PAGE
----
Latest posts by Colton Jones (see all)
- Jazz’s Gobert: ‘If I gotta do justice myself, I’m gonna do justice myself’ - December 11, 2018
- Now a Sixer, Butler dishes on infamous T-Wolves practice - December 11, 2018
- Nuggets’ Millsap expected to be sidelined for 4-6 weeks - December 10, 2018
This will be an unpopular, more than likely, disputed, statement but the most responsibility for the Cleveland Cavaliers’ Game 1 loss to the Indiana Pacers on Sunday afternoon lies mostly on the shoulders of the guy who recorded a triple-double.
True, James did score 24 points and add 10 rebounds and 12 assists in the 98-80 loss at Quicken Loans Arena.
However, he took only 17 shots, two less than he averaged while playing all 82 regular-season games for the first time in his career.
That won’t cut it. Not for this team. Not as it’s presently constructed.
James grew up idolizing Michael Jordan, wearing Jordan’s No. 23 in school and in the NBA, save for his four seasons spent in Miami (where he donned No. 6), and telling Lee Jenkins of Sports Illustrated, “My motivation is this ghost I’m chasing. The ghost played in Chicago,” in August 2016.
It’s time for James to channel his Inner Michael, as he did in carrying the Cavaliers past the Detroit Pistons in the Eastern Conference Finals and into his first NBA Finals in 2007, as opposed to the style that he’s flashed and and for which he’s received much acclaim in playing more like Magic Johnson.
These Cavaliers, without Kyrie Irving, need LeBron to be in attack mode from the jump. That was on full display Sunday, when passive LeBron came out as he normally does, creating open looks for his teammates and firing pinpoint passes to them.
He simply cannot take two field-goal attempts in a quarter, especially the first quarter, as he did Sunday. He didn’t score until he made two free throws with 1:52 left in the opening quarter.
By that time, Cleveland was down, 25-10, and for all intents and purposes, despite the Cavs closing to within seven in the third quarter, the verdict was in as they trailed after one quarter, 33-14, with more turnovers (6) than made buckets (5).
That won’t cut it. These Cavaliers can’t win that way, especially when they are scatter-gunning away. Cleveland shot just 8-of-34 (23.5) from beyond the arc, despite an array of open looks, 38.5 percent from the field overall (30 of 78) and 60 percent from the free-throw line (12 of 20).
Kevin Love and J.R. Smith each went 3-of-6 from deep. The rest of the Cavaliers shot a combined 2-of-22. To save you hitting the “calculator” button on your phone, that translates to nine percent.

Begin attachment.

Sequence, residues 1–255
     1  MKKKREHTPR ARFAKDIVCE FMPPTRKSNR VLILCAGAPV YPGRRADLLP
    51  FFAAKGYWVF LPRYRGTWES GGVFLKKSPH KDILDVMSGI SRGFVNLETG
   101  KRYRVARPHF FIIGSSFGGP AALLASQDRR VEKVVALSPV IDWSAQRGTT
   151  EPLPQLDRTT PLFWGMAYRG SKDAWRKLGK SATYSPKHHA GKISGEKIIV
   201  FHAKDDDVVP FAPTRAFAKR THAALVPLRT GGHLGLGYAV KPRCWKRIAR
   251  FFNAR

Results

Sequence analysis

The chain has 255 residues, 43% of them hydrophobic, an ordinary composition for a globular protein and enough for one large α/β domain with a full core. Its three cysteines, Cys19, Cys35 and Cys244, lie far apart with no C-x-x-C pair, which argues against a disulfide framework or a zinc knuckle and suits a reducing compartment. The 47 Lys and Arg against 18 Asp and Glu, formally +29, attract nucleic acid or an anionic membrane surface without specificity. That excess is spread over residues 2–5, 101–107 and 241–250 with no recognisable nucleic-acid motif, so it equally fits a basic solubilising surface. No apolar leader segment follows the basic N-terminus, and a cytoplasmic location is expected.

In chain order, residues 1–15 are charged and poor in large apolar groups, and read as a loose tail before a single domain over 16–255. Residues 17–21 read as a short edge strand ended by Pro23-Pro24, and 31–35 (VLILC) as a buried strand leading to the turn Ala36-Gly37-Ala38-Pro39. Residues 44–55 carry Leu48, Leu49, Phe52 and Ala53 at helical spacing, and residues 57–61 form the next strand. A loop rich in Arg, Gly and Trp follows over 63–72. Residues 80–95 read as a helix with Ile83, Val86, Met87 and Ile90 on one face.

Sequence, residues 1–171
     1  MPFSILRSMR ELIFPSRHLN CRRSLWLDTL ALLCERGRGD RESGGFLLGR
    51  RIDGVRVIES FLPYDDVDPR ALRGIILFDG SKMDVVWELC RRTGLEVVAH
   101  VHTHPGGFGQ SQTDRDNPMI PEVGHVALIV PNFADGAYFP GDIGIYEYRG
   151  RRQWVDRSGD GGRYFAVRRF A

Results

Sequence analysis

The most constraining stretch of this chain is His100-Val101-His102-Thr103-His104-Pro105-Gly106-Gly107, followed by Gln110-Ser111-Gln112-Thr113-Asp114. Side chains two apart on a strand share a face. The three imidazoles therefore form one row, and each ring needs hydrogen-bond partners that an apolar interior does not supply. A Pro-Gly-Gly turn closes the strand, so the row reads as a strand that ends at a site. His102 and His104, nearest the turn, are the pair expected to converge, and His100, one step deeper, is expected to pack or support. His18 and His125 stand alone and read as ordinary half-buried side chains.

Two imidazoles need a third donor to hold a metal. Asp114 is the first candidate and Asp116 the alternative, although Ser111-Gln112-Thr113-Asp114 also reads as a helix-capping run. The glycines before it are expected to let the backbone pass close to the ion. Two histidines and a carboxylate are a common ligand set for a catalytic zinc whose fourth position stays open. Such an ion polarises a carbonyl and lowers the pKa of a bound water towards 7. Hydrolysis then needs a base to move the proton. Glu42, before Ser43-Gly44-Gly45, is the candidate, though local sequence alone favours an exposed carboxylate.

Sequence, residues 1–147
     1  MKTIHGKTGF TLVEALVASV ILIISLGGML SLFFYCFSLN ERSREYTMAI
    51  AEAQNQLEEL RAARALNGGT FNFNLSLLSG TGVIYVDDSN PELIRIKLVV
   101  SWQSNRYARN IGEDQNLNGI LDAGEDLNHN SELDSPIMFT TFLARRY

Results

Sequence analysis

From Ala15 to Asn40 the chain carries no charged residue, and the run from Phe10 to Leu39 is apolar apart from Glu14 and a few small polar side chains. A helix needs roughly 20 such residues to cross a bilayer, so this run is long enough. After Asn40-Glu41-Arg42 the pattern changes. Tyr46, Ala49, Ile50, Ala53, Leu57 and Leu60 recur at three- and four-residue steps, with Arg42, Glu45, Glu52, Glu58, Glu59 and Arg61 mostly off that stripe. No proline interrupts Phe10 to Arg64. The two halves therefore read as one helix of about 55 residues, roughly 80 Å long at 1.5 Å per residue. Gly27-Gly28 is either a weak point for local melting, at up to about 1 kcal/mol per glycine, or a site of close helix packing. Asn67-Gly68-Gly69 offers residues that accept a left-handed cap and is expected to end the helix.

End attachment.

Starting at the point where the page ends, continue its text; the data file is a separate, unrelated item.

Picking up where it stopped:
In years past, when LeBron played passively as he did in Game 1, everyone would wonder if he was attempting to “send a message to his teammates,” etc. Most times, these types of performances came in regular-season games. Rarely, if ever, have we seen it in the postseason.
Coming in his James’ playoff game with Irving not on the roster since he came home in the summer of 2014, and knowing the likes of Larry Nance Jr. and Jordan Clarkson were playoff neophytes, watching LeBron sort of feel things out is puzzling.
Victor Oladipo (32 points, 6 rebounds, 4 assists, 4 steals, 1 block in 37 minutes) of the Pacers was The Man on this day, not James, and that can’t happen if this Cavaliers team expects to win this series, let alone to get to a fourth consecutive NBA Finals.
Cleveland coach Tyronn Lue, while not referring to James specifically, said as much for his team after the 18-point loss.
“I just think you can’t ease into the playoffs,” Lue said. “I thought they came in and they attacked us, hit us first and we were never able to recover.
“You can’t ease into the game.”
Which brings us to Lue. Yes, Jeff Green played well, extremely well, at times, down the stretch of the regular season, prompting Lue to declare the veteran as a starter for the rest of the season.
And while he was effective defensively when Cleveland went on its 9-1 run to get to within seven points in the third quarter, he was terrible offensively. Green missed all seven shots he took, including three from beyond the arc, adding four rebounds and an assist in 27 minutes.
The fact James scored 24 points and the other four starters — Love (9 points, 17 rebounds), Rodney Hood (9), George Hill (7) and Green scored 25 points, combined — indicates Lue should consider putting Nance back in the starting lineup in place of Green. Nance contributed 10 points, five boards, an assist, two steals and a block in 30 minutes, making 5-of-7 shots.
Regardless, it’s not about Green, nor Nance nor even Lue. It’s about what it’s always about for these Cavaliers — James.
Asked whether the layoff before Game 2 will both him, James sloughed off such thoughts.
“I’ve always stayed even keeled with the postseason,” James said. “It’s just, I mean, I’m down 0-1 in the first round. I was down 3-1 in the Finals. So, I’m the last guy to ask about how you’re going to feel the next couple days.”
Sure, he will, but what about his teammates? This is, after all, a team sport.
James’ teammates need him to do what he did in the final three quarters, which was attack whenever possible and allow his teammates to fill supporting roles, not give up the rock and ask them to be leading men.
The leading man on this team wears No. 23, and as was the case with MJ at the height of his powers, is referred to as the best player on the planet.
That guy doesn’t ease into games, especially playoff games. He takes them over, from the start, and makes them his own.
As Kevin Harlan eloquently exclaimed metaphorically back in 2007, “With no regard for human life!”
That’s the LeBron James these Cavaliers must have in order to be successful.
With almost three full days for the opener to fester in his gut, expect to see that version of James come Wednesday night.